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1

In his 1827 home medical group, the doctor Thomas J. Graham wrote that: It is a common practice among Europeans in sultry climes to eat plentifully of either fresh or salt meat, at breakfast, tiffin, and dinner; this practice is followed day after day, and my only surprise is, that such a dangerous course of living does not produce a much greater ...


3

You may be mixing Murad IV's short-lived ban on coffee with a general distaste for coffee and milk in many late medieval/early modern cultures. The origins of this distaste for coffee and milk may have stemmed from Islamic alchemy. Taking from Stewart Lee Allen's The Devil's Cup: The second part of [an ancient Ethiopian] ceremony, where the roasted beans ...


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While it is true that alcohol disinfects, it is also a poor hydration source. First beers (e.g. in Egypt) were low alcohol content, even kids could drink it, and they were mayor protein/nutrition source while being more or less germless. You can argue that this is already a hygienic use. Southern and Middle Europe wine was much more available for drinking ...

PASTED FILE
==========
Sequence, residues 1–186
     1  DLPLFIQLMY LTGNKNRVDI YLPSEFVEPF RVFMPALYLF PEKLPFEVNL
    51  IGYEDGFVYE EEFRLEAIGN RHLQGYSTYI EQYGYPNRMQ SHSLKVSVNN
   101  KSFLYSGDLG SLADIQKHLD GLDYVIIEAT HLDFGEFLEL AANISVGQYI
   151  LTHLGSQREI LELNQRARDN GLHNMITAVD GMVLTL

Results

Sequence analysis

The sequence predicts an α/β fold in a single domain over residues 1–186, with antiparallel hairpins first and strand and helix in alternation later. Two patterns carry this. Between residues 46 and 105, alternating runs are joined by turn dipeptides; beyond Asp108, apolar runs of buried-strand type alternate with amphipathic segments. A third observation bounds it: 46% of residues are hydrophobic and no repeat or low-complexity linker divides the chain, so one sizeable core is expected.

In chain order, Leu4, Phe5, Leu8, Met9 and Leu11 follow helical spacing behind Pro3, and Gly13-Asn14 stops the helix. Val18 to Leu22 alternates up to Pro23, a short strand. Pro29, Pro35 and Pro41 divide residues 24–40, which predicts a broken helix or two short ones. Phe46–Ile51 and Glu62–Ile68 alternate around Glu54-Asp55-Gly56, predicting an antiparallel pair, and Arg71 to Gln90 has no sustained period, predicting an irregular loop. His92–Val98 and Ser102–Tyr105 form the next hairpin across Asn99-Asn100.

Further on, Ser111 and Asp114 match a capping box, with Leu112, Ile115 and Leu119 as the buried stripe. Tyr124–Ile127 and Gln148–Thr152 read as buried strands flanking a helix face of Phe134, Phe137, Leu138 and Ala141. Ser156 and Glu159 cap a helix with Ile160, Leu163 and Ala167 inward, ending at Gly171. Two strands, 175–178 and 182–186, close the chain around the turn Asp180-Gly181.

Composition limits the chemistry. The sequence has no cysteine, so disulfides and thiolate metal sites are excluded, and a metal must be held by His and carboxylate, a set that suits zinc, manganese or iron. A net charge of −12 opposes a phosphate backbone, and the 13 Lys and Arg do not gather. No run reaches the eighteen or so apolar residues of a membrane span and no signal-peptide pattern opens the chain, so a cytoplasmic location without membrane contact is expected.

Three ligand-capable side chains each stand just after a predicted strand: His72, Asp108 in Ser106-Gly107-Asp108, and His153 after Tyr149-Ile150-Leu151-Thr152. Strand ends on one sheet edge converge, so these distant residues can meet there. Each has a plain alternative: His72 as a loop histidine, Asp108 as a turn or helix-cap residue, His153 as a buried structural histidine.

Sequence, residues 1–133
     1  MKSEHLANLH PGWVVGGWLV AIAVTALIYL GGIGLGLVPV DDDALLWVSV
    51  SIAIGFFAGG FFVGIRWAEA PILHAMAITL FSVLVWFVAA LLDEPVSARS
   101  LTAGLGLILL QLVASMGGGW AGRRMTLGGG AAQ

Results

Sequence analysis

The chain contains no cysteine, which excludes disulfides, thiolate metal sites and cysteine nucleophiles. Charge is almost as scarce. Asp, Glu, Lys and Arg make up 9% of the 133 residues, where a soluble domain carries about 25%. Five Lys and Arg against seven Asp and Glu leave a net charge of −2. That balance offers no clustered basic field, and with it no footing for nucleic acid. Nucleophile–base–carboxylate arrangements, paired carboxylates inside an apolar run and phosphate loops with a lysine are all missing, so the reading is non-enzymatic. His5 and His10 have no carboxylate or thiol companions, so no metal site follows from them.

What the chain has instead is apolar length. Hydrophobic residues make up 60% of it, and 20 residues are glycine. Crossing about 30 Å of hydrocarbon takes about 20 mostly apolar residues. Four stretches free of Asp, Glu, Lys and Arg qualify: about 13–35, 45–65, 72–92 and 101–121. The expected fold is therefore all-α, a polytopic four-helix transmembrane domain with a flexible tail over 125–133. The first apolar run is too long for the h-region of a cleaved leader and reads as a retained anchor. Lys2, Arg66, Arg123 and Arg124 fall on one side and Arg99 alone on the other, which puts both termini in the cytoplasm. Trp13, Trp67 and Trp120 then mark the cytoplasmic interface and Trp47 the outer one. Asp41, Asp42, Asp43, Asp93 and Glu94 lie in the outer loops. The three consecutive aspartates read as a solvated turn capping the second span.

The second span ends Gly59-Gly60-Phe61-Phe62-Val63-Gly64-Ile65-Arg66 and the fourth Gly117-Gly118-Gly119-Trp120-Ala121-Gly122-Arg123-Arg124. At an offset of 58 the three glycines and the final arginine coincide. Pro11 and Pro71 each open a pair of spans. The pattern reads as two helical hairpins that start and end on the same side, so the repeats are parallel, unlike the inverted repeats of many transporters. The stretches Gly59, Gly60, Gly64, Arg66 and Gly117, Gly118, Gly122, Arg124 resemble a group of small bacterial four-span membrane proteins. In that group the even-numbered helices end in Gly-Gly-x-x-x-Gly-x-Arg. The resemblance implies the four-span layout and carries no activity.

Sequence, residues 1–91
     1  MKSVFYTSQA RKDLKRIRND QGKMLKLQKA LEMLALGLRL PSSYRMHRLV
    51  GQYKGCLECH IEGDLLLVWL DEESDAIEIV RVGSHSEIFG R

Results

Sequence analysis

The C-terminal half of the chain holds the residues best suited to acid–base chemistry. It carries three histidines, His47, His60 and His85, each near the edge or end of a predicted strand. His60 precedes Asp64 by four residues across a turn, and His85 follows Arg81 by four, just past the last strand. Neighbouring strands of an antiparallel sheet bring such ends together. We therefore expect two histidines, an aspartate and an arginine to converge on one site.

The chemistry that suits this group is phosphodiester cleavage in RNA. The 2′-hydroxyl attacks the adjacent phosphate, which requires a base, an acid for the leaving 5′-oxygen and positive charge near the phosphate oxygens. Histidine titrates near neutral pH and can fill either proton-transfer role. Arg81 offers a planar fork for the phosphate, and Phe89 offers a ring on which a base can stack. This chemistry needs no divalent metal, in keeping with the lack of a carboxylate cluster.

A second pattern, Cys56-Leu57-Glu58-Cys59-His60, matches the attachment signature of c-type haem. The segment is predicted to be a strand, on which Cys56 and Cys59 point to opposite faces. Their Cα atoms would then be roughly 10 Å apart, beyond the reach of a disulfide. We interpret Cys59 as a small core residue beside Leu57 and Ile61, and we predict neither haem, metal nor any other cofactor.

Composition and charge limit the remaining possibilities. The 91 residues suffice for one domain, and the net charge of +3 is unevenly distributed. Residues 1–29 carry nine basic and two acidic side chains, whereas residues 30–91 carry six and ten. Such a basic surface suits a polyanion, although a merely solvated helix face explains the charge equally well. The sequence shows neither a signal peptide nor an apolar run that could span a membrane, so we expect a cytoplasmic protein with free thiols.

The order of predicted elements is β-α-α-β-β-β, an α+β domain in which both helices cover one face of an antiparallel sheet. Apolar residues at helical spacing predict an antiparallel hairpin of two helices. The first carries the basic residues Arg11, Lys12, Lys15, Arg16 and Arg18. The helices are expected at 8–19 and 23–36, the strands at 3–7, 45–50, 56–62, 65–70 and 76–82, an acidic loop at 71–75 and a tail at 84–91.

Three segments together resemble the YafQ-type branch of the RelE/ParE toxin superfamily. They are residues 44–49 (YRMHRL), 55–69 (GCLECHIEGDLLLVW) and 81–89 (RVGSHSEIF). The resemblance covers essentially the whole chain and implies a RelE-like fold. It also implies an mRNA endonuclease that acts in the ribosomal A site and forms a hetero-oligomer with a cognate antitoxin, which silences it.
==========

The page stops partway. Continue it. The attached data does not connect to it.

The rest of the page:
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In Anglo-Saxon England, beer was watered down, with the most watered-down called "small beer" which was used in place of water for drinking and cooking. The phrase small beer is still used, though now it means of low priority in the sense of lacking importance.


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Must be much more recent than their posts suggest: whisky was always the only drink for new year in UK until 1980s I suspect



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